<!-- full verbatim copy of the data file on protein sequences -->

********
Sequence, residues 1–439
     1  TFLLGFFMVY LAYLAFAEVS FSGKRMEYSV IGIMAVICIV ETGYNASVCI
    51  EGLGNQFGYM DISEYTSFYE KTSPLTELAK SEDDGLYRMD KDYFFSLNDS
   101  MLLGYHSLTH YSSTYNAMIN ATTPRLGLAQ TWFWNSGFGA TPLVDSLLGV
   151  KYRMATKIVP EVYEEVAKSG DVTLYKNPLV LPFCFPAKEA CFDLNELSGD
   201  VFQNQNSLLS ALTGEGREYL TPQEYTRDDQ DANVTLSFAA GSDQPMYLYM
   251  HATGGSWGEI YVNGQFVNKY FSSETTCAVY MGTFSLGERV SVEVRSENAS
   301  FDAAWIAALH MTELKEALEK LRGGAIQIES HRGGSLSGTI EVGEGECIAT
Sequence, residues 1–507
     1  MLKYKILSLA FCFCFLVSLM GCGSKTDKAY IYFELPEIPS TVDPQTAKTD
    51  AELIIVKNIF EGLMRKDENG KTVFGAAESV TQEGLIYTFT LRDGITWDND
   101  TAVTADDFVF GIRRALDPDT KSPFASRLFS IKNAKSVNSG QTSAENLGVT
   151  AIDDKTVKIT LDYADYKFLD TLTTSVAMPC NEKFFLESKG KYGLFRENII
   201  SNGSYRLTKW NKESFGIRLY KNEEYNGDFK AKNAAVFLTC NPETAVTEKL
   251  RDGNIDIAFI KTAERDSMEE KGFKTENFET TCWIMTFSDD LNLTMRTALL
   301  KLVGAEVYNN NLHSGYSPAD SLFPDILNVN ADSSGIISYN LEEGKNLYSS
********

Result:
Sequence, residues 1–439
     1  TFLLGFFMVY LAYLAFAEVS FSGKRMEYSV IGIMAVICIV ETGYNASVCI
    51  EGLGNQFGYM DISEYTSFYE KTSPLTELAK SEDDGLYRMD KDYFFSLNDS
   101  MLLGYHSLTH YSSTYNAMIN ATTPRLGLAQ TWFWNSGFGA TPLVDSLLGV
   151  KYRMATKIVP EVYEEVAKSG DVTLYKNPLV LPFCFPAKEA CFDLNELSGD
   201  VFQNQNSLLS ALTGEGREYL TPQEYTRDDQ DANVTLSFAA GSDQPMYLYM
   251  HATGGSWGEI YVNGQFVNKY FSSETTCAVY MGTFSLGERV SVEVRSENAS
   301  FDAAWIAALH MTELKEALEK LRGGAIQIES HRGGSLSGTI EVGEGECIAT
Sequence, residues 1–507
     1  MLKYKILSLA FCFCFLVSLM GCGSKTDKAY IYFELPEIPS TVDPQTAKTD
    51  AELIIVKNIF EGLMRKDENG KTVFGAAESV TQEGLIYTFT LRDGITWDND
   101  TAVTADDFVF GIRRALDPDT KSPFASRLFS IKNAKSVNSG QTSAENLGVT
   151  AIDDKTVKIT LDYADYKFLD TLTTSVAMPC NEKFFLESKG KYGLFRENII
   201  SNGSYRLTKW NKESFGIRLY KNEEYNGDFK AKNAAVFLTC NPETAVTEKL
   251  RDGNIDIAFI KTAERDSMEE KGFKTENFET TCWIMTFSDD LNLTMRTALL
   301  KLVGAEVYNN NLHSGYSPAD SLFPDILNVN ADSSGIISYN LEEGKNLYSS